Int'l - Spaceship Earth: The Inside Story of the Biosphere 2 Experiment
As Matt Wolf’s documentary Spaceship Earth is released digitally, one of the founding members of Theatre of All Possibilities, Kathelin Gray tells her story
Matt Wolf’s documentary Spaceship Earth, which premiered at this year’s Sundance Film Festival – and released digitally worldwide last Friday – charts the determination of a group of countercultural visionaries who used art and community to foster a connection with nature. Named Theatre of All Possibilities, the artistic-practice network built a junk rig ship that has sailed for the past 40 years, from which researchers have studied whales, coral reefs and disappearing tropical cultures. In the 1980s they designed airtight geodesic structures for the study of complex, evolving life systems, making unprecedented waves in the sphere of ecological study. As we reach the tipping point of a worldwide climate crisis, one of the collective’s founding members, Kathelin Gray, paints an inspiring tribute to its remarkable achievements.
Once upon a time at a bus stop in San Francisco’s North Beach, May 1967, on my way to a dance rehearsal, I encountered a raw-boned man named John Dolphin Allen. I had been raised among geologists and recognised the fire in his eyes as that of a fellow explorer: a treasure hunter like Walter Huston’s character in The Treasure of the Sierra Madre. A bibliomaniac and polymath, John spied the book I carried – René Daumal’s mid-20th century novella, Mount Analogue: A Novel of Symbolically Authentic Non-Euclidean Adventures in Mountain Climbing (see notes: 1), about a motley group of artists, scientists, philosophers and adventurers who form an expedition to an undocumented island in the South Pacific. I wanted to launch an expedition into history, like the book. So did John. He was planning to pass through San Francisco, but decided to stay on – a student of history, he had realised there was a rare opportunity in that moment of us meeting. We began a lifelong friendship and collaboration, and that night, we called friends to join us. The aim was simple: to make a difference.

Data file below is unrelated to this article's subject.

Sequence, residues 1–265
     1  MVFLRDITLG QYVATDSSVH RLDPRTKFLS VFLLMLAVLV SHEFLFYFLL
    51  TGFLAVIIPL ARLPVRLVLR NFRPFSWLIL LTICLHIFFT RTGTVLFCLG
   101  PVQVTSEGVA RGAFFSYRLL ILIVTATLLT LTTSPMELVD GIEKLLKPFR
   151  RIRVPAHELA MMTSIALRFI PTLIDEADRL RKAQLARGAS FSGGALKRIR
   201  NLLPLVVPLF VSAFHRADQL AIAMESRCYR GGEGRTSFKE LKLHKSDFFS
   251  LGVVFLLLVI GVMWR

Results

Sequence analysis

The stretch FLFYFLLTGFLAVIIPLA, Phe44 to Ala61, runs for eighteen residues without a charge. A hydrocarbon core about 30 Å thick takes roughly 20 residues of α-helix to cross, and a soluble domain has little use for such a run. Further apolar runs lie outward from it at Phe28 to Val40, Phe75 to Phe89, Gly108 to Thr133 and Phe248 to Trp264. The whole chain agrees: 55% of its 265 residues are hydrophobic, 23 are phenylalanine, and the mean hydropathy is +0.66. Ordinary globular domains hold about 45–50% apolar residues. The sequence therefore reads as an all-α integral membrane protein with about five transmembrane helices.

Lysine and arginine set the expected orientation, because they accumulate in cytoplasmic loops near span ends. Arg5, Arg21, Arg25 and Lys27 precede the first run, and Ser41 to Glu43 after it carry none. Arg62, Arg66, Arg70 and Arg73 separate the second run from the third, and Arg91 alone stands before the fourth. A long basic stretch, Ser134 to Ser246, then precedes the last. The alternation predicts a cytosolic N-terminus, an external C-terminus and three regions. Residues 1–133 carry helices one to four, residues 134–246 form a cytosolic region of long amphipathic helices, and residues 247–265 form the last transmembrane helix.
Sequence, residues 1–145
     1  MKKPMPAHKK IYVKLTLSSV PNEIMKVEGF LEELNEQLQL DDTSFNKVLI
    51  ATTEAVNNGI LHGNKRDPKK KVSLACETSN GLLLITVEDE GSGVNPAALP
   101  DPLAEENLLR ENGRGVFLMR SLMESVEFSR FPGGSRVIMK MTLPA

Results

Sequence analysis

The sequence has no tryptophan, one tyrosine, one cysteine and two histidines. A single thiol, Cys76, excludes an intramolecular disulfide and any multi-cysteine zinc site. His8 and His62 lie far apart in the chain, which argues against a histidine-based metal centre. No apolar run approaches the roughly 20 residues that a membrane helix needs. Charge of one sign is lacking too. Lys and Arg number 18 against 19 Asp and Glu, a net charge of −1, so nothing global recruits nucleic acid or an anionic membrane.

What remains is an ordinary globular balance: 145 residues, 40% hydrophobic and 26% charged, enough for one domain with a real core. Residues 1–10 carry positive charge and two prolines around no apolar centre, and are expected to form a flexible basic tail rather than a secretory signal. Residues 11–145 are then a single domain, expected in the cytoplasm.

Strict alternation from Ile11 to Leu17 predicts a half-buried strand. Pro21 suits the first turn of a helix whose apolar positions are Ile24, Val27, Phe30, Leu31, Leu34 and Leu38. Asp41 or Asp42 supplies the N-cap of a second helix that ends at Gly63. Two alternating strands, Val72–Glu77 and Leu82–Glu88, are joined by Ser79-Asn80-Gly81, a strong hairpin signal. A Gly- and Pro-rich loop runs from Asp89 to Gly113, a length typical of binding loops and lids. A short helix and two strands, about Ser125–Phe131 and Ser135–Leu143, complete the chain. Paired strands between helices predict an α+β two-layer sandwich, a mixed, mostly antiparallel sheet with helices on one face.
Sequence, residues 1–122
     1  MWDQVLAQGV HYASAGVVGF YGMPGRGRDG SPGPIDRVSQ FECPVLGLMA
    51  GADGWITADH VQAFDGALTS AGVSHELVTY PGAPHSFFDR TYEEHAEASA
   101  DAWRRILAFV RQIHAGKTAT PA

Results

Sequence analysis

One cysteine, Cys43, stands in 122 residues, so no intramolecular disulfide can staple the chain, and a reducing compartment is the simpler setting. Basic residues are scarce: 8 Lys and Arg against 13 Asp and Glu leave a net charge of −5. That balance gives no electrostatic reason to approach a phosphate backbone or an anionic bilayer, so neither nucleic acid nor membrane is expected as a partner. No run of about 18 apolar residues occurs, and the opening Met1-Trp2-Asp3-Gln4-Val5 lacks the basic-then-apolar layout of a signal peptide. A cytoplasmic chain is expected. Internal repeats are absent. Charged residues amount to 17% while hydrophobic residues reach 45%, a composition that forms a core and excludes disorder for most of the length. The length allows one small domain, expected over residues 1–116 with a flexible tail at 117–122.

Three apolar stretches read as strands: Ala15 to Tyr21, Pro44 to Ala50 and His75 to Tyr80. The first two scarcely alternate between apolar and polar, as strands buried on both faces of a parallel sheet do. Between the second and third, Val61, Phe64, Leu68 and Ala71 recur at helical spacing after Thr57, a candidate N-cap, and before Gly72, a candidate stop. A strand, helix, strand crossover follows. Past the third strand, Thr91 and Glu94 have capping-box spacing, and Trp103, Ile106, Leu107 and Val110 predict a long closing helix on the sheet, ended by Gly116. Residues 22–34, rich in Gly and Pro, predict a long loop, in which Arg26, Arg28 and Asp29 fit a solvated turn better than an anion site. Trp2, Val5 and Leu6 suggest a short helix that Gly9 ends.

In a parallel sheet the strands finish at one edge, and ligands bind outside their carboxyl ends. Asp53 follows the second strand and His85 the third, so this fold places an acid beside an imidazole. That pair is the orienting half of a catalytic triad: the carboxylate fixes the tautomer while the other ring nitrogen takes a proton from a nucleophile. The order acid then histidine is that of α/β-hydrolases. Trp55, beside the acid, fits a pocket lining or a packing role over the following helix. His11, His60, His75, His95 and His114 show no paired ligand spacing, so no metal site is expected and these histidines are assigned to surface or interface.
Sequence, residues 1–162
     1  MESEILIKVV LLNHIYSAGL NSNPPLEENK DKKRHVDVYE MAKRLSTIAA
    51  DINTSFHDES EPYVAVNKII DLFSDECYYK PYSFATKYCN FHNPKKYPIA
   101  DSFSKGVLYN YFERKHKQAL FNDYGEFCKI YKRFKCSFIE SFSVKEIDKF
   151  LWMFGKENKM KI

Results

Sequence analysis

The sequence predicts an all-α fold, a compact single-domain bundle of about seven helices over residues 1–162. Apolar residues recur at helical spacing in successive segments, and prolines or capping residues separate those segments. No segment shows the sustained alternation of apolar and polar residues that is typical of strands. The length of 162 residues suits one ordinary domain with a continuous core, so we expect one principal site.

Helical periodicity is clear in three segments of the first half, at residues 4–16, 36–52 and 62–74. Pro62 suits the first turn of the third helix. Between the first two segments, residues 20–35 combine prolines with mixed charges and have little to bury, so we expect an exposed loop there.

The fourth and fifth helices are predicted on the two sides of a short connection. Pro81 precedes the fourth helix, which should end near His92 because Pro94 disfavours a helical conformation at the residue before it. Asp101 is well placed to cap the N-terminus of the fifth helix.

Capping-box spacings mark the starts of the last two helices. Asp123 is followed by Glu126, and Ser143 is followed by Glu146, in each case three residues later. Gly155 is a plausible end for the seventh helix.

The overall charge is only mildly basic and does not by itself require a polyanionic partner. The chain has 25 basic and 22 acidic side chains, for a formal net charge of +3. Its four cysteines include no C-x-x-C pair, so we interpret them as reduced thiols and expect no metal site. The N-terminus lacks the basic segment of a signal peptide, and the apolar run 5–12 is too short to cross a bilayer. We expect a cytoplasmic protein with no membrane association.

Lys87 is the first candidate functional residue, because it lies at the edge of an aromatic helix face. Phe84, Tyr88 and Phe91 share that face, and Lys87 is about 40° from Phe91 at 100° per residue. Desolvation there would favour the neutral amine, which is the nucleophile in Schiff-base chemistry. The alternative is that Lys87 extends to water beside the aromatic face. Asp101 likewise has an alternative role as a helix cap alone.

A spirit of social experimentation, vigour and optimism filled the streets that summer in San Francisco. With the freedom of having nothing to lose came political demonstrations, concerts and large cultural manifestations that called for new values and identities. Most people knew then that there would be a backlash, but many lived in hope that social and economic justice could be achieved in our lifetimes. It was obvious that a radical re-evaluation of human society was essential to avoid planetary ecological catastrophe.
In August 1967, John, Marie Harding and I (2), together with five other friends, moved into a Victorian house on Sutter Street, near the Pine Street Commune and the Avalon Ballroom. We opened a cafe to support ourselves, while theatre offered the protected inner space we needed to investigate these goals. We created Theatre of All Possibilities (TAP) to investigate history through the lens of drama. We asked how to integrate the artists’ conscience into a new societal form, inspired by developments in science and technology as well as a deep connection to the natural world. We sought a world in which an artist could live free from poverty and alienation, where an artist’s life is her most important work. We studied the history of revolutions and of group-living experiments.